The UK economy has two regional problems, not one

Is “levelling up” of regional inequalities in the UK a priority? The Budget to be delivered on March 15 by Jeremy Hunt, chancellor of the exchequer, should help answer that question. Unfortunately, recent work suggests the challenge is even more difficult than widely thought.

It turns out that the UK has two regional problems, not one, and, as a result, a huge national problem too. The longstanding problem is the relative weakness of areas outside London and the South East. Since the financial crisis of 2007, we see a new one, however, namely the slowdown of these previously dynamic regions. Regional inequality has not become worse since then. Yet this is not because of levelling up. The country is suffering something worse than rising regional inequality: national stagnation, with even the former growth engines spluttering.

Tackling the UK’s regional economic inequality, co-authored by Ed Balls, former shadow chancellor of the exchequer, analyses the longer-term challenge. Capital losses: The role of London in the UK’s productivity puzzle from the Centre for Cities focuses on the post-financial crisis slowdown of the country’s most prosperous region. These analyses do come up with one common conclusion: the country needs a radical liberalisation of controls on land use.

As the first of these papers notes, there are several reasons for concern about the regional inequalities that were triggered by deindustrialisation over the past four decades. One is that these inequalities are linked to divergent standards of living, life expectancy and educational attainment. Another is that they are connected to a “geography of discontent”, shown in the Brexit vote. Finally, low levels of productivity in large parts of the country mean low relative productivity for the UK as a whole.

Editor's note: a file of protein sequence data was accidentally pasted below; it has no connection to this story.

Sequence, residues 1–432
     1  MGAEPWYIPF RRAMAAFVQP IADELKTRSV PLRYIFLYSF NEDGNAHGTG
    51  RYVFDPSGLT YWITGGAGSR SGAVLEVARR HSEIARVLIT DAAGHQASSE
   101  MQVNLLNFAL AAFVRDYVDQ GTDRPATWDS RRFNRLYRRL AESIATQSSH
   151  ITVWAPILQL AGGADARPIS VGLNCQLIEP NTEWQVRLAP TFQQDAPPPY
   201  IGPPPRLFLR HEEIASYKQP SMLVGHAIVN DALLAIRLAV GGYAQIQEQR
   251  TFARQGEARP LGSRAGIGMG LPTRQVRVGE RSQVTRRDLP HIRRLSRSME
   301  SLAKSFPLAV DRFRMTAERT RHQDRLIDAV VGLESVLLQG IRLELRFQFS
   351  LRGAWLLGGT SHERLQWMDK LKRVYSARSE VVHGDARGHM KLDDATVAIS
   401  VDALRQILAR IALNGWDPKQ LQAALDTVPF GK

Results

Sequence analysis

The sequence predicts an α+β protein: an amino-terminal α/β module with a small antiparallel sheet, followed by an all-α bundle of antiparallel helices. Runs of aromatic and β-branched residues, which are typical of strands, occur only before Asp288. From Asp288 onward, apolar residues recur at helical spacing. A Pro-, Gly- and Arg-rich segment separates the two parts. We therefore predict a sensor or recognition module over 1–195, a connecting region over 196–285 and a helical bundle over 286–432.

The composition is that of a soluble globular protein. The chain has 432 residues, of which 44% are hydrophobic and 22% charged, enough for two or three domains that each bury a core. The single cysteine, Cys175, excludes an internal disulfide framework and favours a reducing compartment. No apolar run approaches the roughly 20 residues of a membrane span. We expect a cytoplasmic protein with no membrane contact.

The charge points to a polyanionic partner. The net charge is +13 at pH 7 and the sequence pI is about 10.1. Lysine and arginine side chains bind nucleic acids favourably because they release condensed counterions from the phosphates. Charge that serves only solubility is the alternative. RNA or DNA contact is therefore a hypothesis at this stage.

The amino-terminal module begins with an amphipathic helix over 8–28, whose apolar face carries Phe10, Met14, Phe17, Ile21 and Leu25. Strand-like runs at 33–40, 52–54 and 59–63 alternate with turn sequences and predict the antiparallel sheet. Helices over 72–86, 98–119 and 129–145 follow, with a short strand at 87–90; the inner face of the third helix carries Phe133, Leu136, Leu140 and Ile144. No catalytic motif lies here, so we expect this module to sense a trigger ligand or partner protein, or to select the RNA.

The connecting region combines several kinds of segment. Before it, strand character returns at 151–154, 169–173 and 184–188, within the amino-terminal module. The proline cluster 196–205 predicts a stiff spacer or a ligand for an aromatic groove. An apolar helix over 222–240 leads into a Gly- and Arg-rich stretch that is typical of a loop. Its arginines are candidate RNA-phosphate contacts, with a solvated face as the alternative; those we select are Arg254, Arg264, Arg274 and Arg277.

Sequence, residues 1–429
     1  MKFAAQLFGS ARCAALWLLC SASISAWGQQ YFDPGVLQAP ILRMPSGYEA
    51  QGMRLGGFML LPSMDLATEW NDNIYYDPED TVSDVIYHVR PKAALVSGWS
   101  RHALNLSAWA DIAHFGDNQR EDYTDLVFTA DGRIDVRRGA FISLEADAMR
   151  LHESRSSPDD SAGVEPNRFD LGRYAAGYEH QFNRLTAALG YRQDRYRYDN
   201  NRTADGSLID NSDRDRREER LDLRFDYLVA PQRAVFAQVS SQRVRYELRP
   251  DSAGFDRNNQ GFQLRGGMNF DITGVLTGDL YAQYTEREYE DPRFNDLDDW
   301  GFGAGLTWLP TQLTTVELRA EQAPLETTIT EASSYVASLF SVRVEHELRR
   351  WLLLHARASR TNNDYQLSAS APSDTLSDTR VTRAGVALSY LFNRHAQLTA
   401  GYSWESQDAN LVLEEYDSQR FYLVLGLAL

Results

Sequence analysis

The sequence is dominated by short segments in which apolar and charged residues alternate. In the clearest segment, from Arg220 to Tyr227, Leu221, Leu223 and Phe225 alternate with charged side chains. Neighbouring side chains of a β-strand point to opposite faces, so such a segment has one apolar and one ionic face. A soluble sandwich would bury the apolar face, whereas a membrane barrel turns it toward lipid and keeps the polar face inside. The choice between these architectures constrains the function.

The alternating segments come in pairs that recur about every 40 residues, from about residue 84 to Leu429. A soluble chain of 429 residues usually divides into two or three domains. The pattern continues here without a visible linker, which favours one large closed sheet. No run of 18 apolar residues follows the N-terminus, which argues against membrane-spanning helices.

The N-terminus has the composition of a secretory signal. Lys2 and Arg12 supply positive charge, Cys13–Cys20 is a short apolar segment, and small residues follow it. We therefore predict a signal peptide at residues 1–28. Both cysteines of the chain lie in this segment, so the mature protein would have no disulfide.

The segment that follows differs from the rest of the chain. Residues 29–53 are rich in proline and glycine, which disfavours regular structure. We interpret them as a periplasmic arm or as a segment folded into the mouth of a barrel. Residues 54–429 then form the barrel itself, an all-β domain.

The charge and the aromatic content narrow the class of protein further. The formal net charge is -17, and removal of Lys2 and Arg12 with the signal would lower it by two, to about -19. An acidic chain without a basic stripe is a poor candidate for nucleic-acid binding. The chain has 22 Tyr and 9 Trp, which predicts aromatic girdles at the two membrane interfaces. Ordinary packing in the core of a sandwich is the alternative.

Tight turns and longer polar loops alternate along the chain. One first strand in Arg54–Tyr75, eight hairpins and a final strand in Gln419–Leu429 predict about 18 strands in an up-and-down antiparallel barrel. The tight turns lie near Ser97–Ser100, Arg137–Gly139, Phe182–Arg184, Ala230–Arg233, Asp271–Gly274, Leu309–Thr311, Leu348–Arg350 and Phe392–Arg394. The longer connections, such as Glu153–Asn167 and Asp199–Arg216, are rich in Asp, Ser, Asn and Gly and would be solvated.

So, what might be done? This report concludes that low shares of university graduates in lagging regions are no longer a constraint. Nor is a generalised lack of finance. More plausible constraints are weak transport infrastructure, failure to support innovation clusters outside the South East and constraints on migration to London and the South East, due to costly housing.

There are then things to be done. Notably, it would make sense to invest more in university education in science, technology, engineering and mathematics, put more resources into infrastructure, especially transport, and increase government spending on high quality potential clusters of research and development located outside the South East.

One of the points this report makes is that migration tends to go in the “wrong direction”, from the most productive to less productive regions. This is also consistent with the findings of the report on London. But the most striking finding of the latter is that productivity growth in London has become just like that of the rest of the country since the financial crisis — dismal. The growth of productivity per worker in London slumped from 3.1 per cent a year between 1998 and 2007 to just 0.2 per cent thereafter.

A proximate cause is that “superstar sectors”, such as finance, professional services and information and communications, ceased to grow as quickly as in competing economies abroad. Moreover, that was already clear before Brexit (though that folly cannot have helped). A second explanation is that the cost of commercial property crowded out more productive sectors. Finally, an “affordability crisis” in housing deters immigration, from within the country and from abroad. That would then have weakened the agglomeration benefits that London used to create in the past.

The country, then, is in a double bind. It has deep regional inequality, which is the legacy of a long period of rapid productivity growth in London and the South East, while the rest of the country was deindustrialising. Then, after 2007, London became economically stagnant, too. So, regional inequality, though still very large by European standards, stopped getting worse. But this “cure” is worse even than the disease: it has worsened the performance of the economy as a whole and so, among other things, starved the state of resources it needs to deal with its challenges, including regional inequality.

Releasing planning controls should help London grow faster. So would a better post-Brexit settlement for sectors in which London specialises. But giving the capital more control over its fiscal resources, as the report from Center for Cities suggests, is likely to clash with the pressing need to spend more in weaker regions. Now that all regions of the UK economy are doing badly, the difficulties of tackling regional problems have become even greater than they used to be. Levelling down is the worst possible answer to the challenges of levelling up.

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